My Experience with The Isolation Journals


I heard about the Isolation Journals on Instagram through Maggie Rogers, a singer and a member of the project. It consists of thirty free writing prompts delivered via email to anyone who wants to join. The project was created by Suleika Jaouad, a writer, activist and cancer survivor. According to her, quarantine is something she knows well because of her time in cancer treatment. 

The project intrigued me because it makes so much sense for the current time. It is a way to bring thousands of people together in a creative and introspective activity which makes people reflect on their past, current and future situations. It makes you feel less alone knowing everyone is writing and reflecting on the same things you are. 

Although there have been five days of prompts, I’ve only completed three so far. I’m treating this as another productive way to fill my time, not an obligation or something I need to force myself to do. 

I recommend everyone sign up and give this project a try. At the very least, it will be something to do and reflect on during this time inside, and at best it will be a great way to relieve the stress on mental health and put serious time and commitment into your writing skills, maybe even coming out with a publishable project by the end of it. 

The first prompt was writing a letter to a stranger about anything, always with no intention of sending the letter. Writing a letter to someone I had one conversation with and never saw again is interesting right now because on the one hand, we are currently all more or less in the same boat; on the other hand, the stranger I wrote to is definitely struggling with personal problems I can’t imagine. Even so, it felt like speaking to a friend, but you can talk about yourself and let out all the anxiety and uncertainty and confusion of this time without worrying that you’re talking too much about yourself.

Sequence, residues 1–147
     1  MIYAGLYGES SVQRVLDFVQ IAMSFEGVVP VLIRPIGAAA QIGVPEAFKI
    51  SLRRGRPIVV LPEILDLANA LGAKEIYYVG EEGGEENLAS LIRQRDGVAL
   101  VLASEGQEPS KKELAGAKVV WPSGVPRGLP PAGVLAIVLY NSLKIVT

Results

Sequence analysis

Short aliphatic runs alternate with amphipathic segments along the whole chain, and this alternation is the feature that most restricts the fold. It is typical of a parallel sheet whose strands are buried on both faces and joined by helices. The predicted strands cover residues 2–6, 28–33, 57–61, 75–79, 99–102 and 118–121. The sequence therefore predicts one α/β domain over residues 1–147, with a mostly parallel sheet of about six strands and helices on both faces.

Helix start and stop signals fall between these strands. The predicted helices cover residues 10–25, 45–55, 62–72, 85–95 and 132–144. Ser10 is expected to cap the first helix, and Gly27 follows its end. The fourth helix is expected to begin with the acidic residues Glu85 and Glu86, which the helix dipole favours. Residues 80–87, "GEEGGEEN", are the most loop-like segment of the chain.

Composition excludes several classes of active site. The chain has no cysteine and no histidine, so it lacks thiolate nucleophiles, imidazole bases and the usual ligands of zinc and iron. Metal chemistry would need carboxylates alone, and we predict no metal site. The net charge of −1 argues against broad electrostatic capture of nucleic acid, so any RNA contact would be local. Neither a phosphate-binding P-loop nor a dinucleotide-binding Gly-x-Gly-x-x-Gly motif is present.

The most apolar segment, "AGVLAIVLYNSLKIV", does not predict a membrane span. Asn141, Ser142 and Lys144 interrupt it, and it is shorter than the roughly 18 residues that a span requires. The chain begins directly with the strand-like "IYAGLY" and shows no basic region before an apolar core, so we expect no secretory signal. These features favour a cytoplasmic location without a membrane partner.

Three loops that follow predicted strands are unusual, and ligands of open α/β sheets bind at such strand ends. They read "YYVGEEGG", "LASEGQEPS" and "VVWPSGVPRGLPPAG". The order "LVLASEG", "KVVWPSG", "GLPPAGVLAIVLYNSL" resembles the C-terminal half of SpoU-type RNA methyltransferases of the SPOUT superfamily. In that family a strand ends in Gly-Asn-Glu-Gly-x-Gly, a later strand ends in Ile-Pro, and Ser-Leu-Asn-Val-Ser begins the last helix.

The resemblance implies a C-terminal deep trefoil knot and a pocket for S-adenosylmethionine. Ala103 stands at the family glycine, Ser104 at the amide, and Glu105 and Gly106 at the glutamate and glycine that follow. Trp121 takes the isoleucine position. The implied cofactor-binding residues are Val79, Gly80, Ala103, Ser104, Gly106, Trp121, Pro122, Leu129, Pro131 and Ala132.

Day 2 dealt with saying you’re “fine” when you’re not, which everyone is guilty of and everyone is likely doing a lot lately. Write about a time you said you were fine when you weren’t, whether you were better than fine or much worse. It’s a great one for reflection and correction. Even if it is too late to correct that particular situation, what a good way to think on how you would answer differently if you were being honest, even if to yourself. It’s a heavy thing to think and write about, but it has been one of my favorites.

The last prompt I completed was writing about your day as a travel journal entry, treating your home as a foreign environment. That one was fun, but it was hard for me to get a good idea of how I would write a travel journal, so I used it as a way to leave myself a recap of the day. 

I look forward to keeping this challenge over the next month, with fingers crossed that I’ll be able to go out by the end of it. And maybe in a few hundred years my writing will be in the 2020 Coronavirus pandemic chapter of school textbooks.

If you join the challenge, connect with me! I would love to hear your experience with it.